Power is “regenerated”, rot is perpetuated
Russia, after the restoration of the free market system in the country and the fall of communist totalitarianism, has evolved into a new type of autocracy with a democratic mantle. To rebuild its economic and political prestige, as expected, it has continued and continues to date geopolitical demands and defending its interests in transnational skirmishes. At the top of the political leadership, the same president, who is faithful to the tradition of Russia, has been steadfastly committed to creating for himself a profile as a leader who is something of a glorious tsar and a robust general secretary. At the top of the economic elite, there is a powerful class of wealthy oligarchs, which is a new version of the aristocracy. Orthodoxy, conservatism and old traditions have remained unchanged in time, despite the change of regimes and are the pillars of the new seemingly reborn Russia. These pillars have been well established since socialist times and have been preserved in a suffocating environment of very intense governmental autarchism. The above concepts compose the puzzles of an incomparable social ethics, resulting in the disciplining, apathy and inactivation of the most deprived social groups to date. While nationalism and chauvinism dominate the social sphere of Russia; at the same time, every sign of opposition to the dominant norms, every radical expression, every kind of activism, any aggressive mood for power is mercilessly hit by a powerful state mechanism that retains the reflexes of socialist repression. In particular, in February 2018, several anarchists were arrested, tortured and jailed for hanging banners saying “The FSB is the main terrorist” and for participation in Narodnaya Samooborona. A few months earlier, FSB arrested and tortured 8 anarchists to confess that they were part of the Network. The craze of state repression to eliminate anarchist action did not stop there. Last February, 10 comrades were put in state hostage, during which they were beaten and electric shocked to confess their guilt and “give up” their companions. Azat Miftahov, who is accused of building explosives and joining Narodnaya Samooborona, remained in the hands of the state in opposition to his comrades, who were eventually tortured and released.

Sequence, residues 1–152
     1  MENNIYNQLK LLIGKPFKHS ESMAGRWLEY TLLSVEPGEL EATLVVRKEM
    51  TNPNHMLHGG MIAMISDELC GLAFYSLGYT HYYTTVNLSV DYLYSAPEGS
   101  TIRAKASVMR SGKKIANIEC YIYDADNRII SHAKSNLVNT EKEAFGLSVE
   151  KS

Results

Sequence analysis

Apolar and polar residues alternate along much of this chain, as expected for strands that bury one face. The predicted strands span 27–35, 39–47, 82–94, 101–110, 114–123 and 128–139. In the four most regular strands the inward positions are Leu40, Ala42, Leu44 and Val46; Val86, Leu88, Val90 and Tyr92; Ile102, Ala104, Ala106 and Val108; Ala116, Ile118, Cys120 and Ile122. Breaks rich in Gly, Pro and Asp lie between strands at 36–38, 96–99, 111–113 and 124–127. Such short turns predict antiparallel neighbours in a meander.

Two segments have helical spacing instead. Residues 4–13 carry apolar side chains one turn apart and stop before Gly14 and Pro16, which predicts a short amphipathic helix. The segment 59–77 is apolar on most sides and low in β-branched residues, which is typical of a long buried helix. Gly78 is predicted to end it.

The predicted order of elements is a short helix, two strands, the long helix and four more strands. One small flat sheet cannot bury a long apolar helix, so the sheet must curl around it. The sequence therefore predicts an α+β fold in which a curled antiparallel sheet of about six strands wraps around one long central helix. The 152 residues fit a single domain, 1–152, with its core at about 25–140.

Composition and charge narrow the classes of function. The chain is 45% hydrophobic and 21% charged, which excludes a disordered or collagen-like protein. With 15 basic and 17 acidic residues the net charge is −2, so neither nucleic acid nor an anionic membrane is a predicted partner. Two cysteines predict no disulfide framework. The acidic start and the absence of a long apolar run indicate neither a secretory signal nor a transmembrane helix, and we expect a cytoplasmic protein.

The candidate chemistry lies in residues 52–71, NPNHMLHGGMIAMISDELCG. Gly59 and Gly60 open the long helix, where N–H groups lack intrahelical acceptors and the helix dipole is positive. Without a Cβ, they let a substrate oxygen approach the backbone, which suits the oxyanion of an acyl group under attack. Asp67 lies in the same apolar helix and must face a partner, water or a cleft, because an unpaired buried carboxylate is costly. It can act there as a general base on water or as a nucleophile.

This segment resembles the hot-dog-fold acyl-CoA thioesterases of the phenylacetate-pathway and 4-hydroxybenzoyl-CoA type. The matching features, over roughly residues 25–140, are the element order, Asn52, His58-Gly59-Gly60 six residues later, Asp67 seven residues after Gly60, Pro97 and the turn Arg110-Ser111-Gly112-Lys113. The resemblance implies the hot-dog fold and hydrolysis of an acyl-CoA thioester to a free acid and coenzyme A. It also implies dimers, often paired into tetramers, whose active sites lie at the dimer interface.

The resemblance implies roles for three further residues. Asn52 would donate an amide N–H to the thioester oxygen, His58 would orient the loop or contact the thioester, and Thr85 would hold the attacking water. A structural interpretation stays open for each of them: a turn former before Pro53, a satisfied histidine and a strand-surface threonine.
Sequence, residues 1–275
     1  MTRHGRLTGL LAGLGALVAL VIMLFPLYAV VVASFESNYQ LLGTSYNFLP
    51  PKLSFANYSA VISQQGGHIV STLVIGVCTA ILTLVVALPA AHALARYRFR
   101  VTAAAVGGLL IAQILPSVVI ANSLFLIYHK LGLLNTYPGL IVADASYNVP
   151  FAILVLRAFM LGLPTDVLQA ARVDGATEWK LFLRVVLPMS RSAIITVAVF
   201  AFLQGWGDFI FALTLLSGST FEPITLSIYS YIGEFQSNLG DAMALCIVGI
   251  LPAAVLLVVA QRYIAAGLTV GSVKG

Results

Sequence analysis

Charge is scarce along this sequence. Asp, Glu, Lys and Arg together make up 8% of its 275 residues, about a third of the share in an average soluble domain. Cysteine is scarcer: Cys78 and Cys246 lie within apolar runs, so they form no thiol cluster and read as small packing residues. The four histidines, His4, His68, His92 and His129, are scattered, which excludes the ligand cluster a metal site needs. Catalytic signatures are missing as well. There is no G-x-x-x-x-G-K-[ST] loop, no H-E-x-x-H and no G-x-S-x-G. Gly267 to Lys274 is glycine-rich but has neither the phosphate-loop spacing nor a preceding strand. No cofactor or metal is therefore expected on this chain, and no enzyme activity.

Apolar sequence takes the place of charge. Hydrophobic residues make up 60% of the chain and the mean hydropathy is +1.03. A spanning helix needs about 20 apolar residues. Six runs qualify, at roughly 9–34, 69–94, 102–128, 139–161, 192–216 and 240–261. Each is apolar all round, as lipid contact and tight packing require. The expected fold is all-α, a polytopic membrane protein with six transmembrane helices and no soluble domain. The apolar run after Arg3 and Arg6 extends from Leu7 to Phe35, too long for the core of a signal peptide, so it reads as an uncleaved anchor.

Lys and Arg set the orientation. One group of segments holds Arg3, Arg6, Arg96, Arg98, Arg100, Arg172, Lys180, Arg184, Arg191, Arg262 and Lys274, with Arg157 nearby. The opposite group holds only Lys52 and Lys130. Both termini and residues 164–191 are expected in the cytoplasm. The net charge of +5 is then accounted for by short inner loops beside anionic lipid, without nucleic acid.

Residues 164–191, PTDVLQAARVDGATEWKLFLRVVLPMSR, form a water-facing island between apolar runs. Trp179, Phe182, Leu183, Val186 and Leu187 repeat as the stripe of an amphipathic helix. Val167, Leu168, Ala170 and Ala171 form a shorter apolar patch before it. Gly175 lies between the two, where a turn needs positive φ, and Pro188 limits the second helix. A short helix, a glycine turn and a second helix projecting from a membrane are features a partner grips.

On Oct. 31, 17-year-old anarchist Mikhail Zhlobitsky invaded the offices of the FSB (Federal Security Office and successor to the KGB) in Arkhangelsk, triggering an explosive device, causing serious damage to the building, injuring three officials and losing his own life. When the news came to our ears, there was a feeling of deep sorrow in the death of our brother who we may never have known, but we feel we’ve known for years because our choices are common to the same hateful enemies. Our feelings about Mikhail made these words, words that are not just hollow and wooden, words that are soaked and charged with rage, words that when spilled on the paper flew sparks and triggered our desire to pull the fork from the grenade and send it to the Russian Consulate’s office, giving shape to our most rabid need for revenge. The nightmare that the comrade gave birth to FSB federal cops, will be revived every time we or some other comrade decides to attack. Mikhail, like any comrade who gave his life for Anarchy, will again take flesh and bones through retaliatory actions and sow terror into the pathetic journalists and the worried cops and judges. As a minimum sign of respect for our deceased partner, we chose to give his name to the attack we made.
Strength and solidarity to the anarchists Yuliy Boyarshinov, Vasiliy Kuksov, Dmitriy Pchelintsev, Arman Sagynbaev, Andrey Chernov, Ilya Shakurskiy, Igor Shishkin, Viktor Filinkov, those arrested on February 1, 2019 and Azat Miftahov.
Do you hear the noise coming from far away? They are desperate screams from torture rooms. The harsh blows of the bullets in body. The creepy sound made by the body when the current passes through it during the electric shock. They are nearby, asking for their lost comrades and wondering if they are still alive or if they are in a secret detention center. It is mourning, angry, but also numb for the little one who took revenge by giving his own life. They are our comrades and they suffer. Listen carefully…
FAI / FRI Revenge Cell ‘Mikhail Zhlobitsky’
(via AMW English)